Israeli troops killed two Palestinians and injured hundreds at the Gaza boundary fence on Tuesday as residents buried dozens of Palestinians who were shot and killed by Israeli forces a day earlier, Palestinian authorities said.
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As the U.S. opened its new embassy in Jerusalem on Monday, Palestinians saw the deadliest day since the Gaza war in 2014. Israeli forces fired tear gas and live fire at Palestinian protesters, killing at least 60, including eight children, according to the Palestinian Health Ministry. More than 2,700 Palestinians were injured, the ministry said.
Israel and the U.S. blamed Hamas, which rules Gaza, for the deaths, saying that Israel was defending its border. Gaza has been under an Israeli-Egyptian blockade since Hamas seized control of the tiny territory in 2007.
“We started to line up altogether and then walk forward steps together. Then all I saw was smoke everywhere and people screaming,“ Wafa al-Udaini, a resident of Gaza who participated in Monday’s protests by the fence, told ABC News via text message.
Her cousin and her neighbor were killed by Israeli troops during the protest, she said.
She attended funerals Tuesday, and she says she plans to go back to the fence to demonstrate again on Wednesday.
Gaza was calmer on Tuesday, which for Palestinians marks what they refer to as "Nakba Day" -- marking what they call the "catastrophe" of their expulsion when Israel was created 70 years ago. Prayers were followed by parades of Palestinians carrying flag-wrapped bodies high above their heads, chanting on the way to the cemetery. Gunshots were fired in the air.
Near the boundary fence, 51-year-old Nasser Ghurab and 18-year-old Bilal Hussein were killed by Israeli forces, said Ashraf al-Qidra, a spokesman for the Palestinian Health Ministry.
Palestinians have been protesting for the past six weeks as part of the “March of Return,” a demonstration calling for the right of Palestinian refugees and their descendants to return to areas that are today part of Israel.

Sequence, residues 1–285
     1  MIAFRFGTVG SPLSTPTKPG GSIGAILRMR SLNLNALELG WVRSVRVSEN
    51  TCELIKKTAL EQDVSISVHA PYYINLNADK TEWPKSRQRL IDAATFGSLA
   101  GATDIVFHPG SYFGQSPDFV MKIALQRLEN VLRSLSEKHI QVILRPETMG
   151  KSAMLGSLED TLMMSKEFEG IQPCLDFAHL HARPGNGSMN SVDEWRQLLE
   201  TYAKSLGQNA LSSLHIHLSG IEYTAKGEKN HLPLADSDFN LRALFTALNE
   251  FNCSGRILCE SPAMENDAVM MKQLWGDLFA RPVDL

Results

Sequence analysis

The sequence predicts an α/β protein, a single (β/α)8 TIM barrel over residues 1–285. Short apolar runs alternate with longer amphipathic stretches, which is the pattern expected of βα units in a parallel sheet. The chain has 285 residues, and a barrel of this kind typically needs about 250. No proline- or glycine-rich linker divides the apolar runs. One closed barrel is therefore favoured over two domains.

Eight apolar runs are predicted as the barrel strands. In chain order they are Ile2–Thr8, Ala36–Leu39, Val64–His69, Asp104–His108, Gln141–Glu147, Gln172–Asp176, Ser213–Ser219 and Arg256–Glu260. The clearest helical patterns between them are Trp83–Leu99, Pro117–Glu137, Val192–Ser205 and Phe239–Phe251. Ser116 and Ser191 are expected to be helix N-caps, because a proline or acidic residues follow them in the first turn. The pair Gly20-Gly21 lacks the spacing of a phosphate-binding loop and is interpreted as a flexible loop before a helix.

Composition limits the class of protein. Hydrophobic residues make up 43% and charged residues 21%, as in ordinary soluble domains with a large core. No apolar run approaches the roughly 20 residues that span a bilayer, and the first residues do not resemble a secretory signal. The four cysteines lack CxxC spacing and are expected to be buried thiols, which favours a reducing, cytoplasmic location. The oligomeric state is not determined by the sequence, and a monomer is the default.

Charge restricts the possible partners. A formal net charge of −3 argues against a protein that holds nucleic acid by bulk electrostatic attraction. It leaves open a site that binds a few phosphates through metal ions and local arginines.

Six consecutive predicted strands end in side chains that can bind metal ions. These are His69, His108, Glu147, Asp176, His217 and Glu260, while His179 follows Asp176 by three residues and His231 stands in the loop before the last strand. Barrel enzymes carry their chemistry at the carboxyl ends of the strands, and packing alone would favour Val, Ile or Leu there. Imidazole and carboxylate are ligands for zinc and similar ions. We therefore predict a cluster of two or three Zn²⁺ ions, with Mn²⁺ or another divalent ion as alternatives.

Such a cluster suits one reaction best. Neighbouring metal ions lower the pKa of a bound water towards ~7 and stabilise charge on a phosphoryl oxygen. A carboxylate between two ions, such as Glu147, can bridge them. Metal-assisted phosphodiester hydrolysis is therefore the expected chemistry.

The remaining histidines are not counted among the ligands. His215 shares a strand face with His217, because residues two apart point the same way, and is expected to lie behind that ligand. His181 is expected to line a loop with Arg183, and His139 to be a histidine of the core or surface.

Palestinian and Turkish leaders called Monday’s killings a “massacre” while the U.K. and France urged Israel to show restraint. The U.N.’s secretary-general said he was “profoundly alarmed” by the number of Palestinians killed.
“I am profoundly alarmed and concerned by the sharp escalation of violence and the number of Palestinians killed and injured in the Gaza protests,” said U.N. Secretary-General António Guterres. "It is imperative that everyone shows the utmost restraint to avoid further loss of life."
At an emergency session of the U.N. Security Council on Tuesday U.S. Ambassador to the U.N. Nikki Haley denied that Monday’s deaths had anything to do with the U.S. decision to open its embassy in Jerusalem.
“Rather, the violence comes from those who reject the existence of the state of Israel in any location,” Haley said. “The location of the embassy has no bearing on the specific boundaries of Israeli sovereignty in Jerusalem, or the resolution of contested borders... It does not undermine the prospects for peace in any way.”
ABC News’ Molly Hunter contributed reporting from the Gaza Strip.